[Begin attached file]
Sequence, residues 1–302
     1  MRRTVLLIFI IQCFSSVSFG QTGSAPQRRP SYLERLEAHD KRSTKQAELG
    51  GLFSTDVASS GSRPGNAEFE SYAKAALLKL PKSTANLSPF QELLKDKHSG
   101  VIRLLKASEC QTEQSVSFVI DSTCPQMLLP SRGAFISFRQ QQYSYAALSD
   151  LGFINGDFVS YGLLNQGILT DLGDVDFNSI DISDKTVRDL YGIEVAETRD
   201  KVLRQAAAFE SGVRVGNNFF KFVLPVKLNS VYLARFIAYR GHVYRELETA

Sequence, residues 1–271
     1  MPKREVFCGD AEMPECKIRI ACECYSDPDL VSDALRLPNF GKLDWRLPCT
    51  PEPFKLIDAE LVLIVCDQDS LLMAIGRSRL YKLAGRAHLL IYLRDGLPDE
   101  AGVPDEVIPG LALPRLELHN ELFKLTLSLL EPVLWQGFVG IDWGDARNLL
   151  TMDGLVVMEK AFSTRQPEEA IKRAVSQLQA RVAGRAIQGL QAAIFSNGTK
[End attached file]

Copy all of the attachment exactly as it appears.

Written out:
Sequence, residues 1–302
     1  MRRTVLLIFI IQCFSSVSFG QTGSAPQRRP SYLERLEAHD KRSTKQAELG
    51  GLFSTDVASS GSRPGNAEFE SYAKAALLKL PKSTANLSPF QELLKDKHSG
   101  VIRLLKASEC QTEQSVSFVI DSTCPQMLLP SRGAFISFRQ QQYSYAALSD
   151  LGFINGDFVS YGLLNQGILT DLGDVDFNSI DISDKTVRDL YGIEVAETRD
   201  KVLRQAAAFE SGVRVGNNFF KFVLPVKLNS VYLARFIAYR GHVYRELETA

Sequence, residues 1–271
     1  MPKREVFCGD AEMPECKIRI ACECYSDPDL VSDALRLPNF GKLDWRLPCT
    51  PEPFKLIDAE LVLIVCDQDS LLMAIGRSRL YKLAGRAHLL IYLRDGLPDE
   101  AGVPDEVIPG LALPRLELHN ELFKLTLSLL EPVLWQGFVG IDWGDARNLL
   151  TMDGLVVMEK AFSTRQPEEA IKRAVSQLQA RVAGRAIQGL QAAIFSNGTK